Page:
Cover image for Artist's resource : the Watson-Guptill guide to academic programs, artists' colonies and artist-in-residence programs, conferences, workshops
Title:
Artist's resource : the Watson-Guptill guide to academic programs, artists' colonies and artist-in-residence programs, conferences, workshops
Author:
Chambers, Karen S.
Personal Author:
Publication Information:
New York : Watson-Guptill Publications, [1999]

©1999
Physical Description:
240 pages : illustrations ; 24 cm.
Language:
English
ISBN:
9780823076574
Format :
Book

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N8600 .C49 1999 Adult Non-Fiction Central Closed Stacks
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Summary

Summary

Provides guidance in selecting artistic training.


Reviews 2

Booklist Review

Part of the Getting Your Act Together series, these small paperback guides help users find various venues for further training or concentrated work. Each guide contains four parts. The first part, called "Living to Make Art, Art to Live" or "Living for the Theater" in these volumes, discusses the factors and options involved in making career decisions in each field. This is followed by the longest section in each book, a selective directory of educational and professional programs in the U.S. Listings, arranged state-by-state, are extensively annotated and include workshops, training programs, university and museum-based programs, apprenticeships, artists' colonies, and artist-in-residence opportunities. Interspersed among the entries are sidebars that highlight particular programs or discuss issues such as the need for an agent. Part three deals with business aspects of careers in the theater or the arts, and part four is a list of books and other resources. The index in each volume includes a list of programs by type (academic programs, workshops, etc.). Artist's Resource intends to provide a real-world take on being an artist, addressing the question of how practicing artists survive in our society and how to subsidize art making. Part three discusses starting a business, pricing work, working with galleries, and learning copyright issues. The bibliography provides more resources on the business of art and marketing. Theater Artist's Resource sees itself as a personal research tool. It particularly serves those who desire instruction in such aspects of theater as mime, puppetry, playwriting, production design, and management, as well as acting. Its goal is to help users find their niche in the theater business. Both guides are written by professional in their fields, adding a voice of experience to the information presented. High-school and public libraries might consider including these titles in their career or education sections as supplements to more comprehensive resources.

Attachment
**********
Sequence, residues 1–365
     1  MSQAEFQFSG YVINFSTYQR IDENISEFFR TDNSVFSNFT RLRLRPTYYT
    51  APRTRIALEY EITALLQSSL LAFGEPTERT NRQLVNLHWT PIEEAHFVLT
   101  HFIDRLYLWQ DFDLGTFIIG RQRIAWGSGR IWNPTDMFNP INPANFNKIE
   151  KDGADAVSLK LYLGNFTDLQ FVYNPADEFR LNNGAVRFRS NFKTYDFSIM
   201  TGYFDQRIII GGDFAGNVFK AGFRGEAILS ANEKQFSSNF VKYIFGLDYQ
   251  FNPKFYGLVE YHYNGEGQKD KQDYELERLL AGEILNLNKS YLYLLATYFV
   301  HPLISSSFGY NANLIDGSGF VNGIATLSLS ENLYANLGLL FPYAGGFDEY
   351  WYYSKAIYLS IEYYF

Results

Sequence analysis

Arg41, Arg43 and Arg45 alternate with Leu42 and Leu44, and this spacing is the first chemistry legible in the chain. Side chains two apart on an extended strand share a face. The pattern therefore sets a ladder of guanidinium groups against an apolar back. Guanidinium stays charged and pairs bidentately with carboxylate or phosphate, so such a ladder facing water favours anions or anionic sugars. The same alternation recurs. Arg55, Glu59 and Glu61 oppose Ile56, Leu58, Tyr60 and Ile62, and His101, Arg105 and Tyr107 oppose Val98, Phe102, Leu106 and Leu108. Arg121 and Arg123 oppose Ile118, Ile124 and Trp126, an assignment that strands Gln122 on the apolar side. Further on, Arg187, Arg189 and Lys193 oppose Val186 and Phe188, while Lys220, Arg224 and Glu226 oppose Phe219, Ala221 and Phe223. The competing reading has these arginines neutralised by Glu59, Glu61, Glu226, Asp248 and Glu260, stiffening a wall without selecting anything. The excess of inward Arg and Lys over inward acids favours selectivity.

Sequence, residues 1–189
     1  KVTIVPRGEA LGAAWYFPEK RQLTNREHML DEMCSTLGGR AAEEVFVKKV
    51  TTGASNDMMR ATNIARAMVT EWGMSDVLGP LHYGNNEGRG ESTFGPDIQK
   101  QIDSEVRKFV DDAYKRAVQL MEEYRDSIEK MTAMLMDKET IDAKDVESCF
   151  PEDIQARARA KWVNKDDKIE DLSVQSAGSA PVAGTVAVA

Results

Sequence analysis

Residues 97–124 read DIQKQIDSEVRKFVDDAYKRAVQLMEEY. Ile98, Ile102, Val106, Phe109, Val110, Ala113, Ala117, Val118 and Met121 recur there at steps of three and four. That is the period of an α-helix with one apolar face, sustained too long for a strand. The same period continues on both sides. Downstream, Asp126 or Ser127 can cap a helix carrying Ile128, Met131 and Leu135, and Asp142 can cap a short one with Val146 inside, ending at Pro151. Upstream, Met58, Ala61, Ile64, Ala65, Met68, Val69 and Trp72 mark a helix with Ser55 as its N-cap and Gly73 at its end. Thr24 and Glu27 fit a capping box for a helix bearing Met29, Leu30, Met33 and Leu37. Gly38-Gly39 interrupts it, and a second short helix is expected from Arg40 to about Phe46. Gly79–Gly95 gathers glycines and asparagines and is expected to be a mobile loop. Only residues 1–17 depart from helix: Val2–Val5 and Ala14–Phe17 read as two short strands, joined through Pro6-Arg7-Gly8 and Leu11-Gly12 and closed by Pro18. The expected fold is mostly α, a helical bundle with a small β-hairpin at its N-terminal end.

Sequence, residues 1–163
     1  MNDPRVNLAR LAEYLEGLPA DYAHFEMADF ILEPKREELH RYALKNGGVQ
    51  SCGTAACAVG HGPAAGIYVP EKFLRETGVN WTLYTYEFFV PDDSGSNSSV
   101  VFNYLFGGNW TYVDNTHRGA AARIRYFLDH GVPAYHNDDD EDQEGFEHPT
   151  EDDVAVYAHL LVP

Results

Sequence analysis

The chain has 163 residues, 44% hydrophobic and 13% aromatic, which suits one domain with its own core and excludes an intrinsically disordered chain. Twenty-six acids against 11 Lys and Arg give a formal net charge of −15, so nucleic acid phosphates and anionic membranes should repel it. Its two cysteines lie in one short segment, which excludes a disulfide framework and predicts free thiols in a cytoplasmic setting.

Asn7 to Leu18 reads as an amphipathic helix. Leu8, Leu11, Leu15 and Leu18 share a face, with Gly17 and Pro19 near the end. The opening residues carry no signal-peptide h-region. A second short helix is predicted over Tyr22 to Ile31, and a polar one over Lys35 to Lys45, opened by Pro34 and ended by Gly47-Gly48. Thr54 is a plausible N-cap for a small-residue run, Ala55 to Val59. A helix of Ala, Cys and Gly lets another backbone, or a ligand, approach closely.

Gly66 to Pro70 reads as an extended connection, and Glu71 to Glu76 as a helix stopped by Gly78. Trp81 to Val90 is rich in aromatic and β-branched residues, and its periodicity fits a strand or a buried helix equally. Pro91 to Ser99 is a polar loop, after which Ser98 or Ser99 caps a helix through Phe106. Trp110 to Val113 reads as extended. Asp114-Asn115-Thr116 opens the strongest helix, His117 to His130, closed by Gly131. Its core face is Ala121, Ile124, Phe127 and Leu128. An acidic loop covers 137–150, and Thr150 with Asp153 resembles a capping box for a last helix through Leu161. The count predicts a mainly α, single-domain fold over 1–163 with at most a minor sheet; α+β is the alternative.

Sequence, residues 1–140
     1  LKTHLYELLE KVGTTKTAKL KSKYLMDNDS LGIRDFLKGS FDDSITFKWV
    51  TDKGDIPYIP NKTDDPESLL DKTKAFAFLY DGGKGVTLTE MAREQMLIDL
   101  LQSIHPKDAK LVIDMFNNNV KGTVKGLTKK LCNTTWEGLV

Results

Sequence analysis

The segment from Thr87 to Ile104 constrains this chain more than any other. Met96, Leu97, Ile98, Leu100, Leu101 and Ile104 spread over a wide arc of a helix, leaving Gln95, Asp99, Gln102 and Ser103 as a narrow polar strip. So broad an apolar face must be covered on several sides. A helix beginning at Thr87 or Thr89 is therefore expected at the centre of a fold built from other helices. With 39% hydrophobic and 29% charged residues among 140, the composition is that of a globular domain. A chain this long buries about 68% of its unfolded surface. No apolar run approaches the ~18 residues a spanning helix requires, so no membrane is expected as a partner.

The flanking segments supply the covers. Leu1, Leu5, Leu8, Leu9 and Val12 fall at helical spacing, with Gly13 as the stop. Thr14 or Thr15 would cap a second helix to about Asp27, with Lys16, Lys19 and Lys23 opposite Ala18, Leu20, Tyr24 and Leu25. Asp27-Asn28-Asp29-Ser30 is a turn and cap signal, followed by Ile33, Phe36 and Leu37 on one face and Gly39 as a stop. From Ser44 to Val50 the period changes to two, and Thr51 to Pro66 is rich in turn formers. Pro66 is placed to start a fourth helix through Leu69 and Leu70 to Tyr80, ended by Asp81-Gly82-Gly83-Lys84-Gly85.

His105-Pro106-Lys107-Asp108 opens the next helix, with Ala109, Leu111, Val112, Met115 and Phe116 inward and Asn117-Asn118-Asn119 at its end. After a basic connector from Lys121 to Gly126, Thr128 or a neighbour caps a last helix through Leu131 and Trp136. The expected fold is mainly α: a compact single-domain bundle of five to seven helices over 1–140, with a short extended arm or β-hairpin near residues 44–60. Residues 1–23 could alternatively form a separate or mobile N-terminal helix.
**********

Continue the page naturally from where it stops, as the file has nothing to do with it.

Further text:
Choice Review

Chambers (would-be artist, museum curator, exhibitor, author of several other books relating to art) intends in this book to help potential artists pursue careers in the arts. She focuses on the traditional fine arts: painting, sculpture, printmaking, drawing, book design, and mixed media, and excludes commercial art, graphic design, and illustration. Part 1, "Living to Make Art, Making Art to Live," explores the decision to become a professional artist and discusses the role of the amateur artist. It is a realistic evaluation of the possibilities that exist for artists, furnishing serious artists a pep talk and a positive career outlook. Part 2, which lists artists' programs in the US alphabetically by state, uses icons to identify academic programs, artists' colonies, artist-in-residence programs, conferences, and workshops. Each entry gives concise information about the program, followed by a more detailed description that explains what makes the program unique. Part 3 covers business aspects of art: how to sell work, starting a shop or business, and tax information. Part 4 provides a bibliography and general index. Even without the introductory material, users would not have problems. The format is pleasing, and there are generous illustrations and photographs. Highly recommended; libraries may want copies for both reference and circulation. R. P. Sasscer; Catholic University of America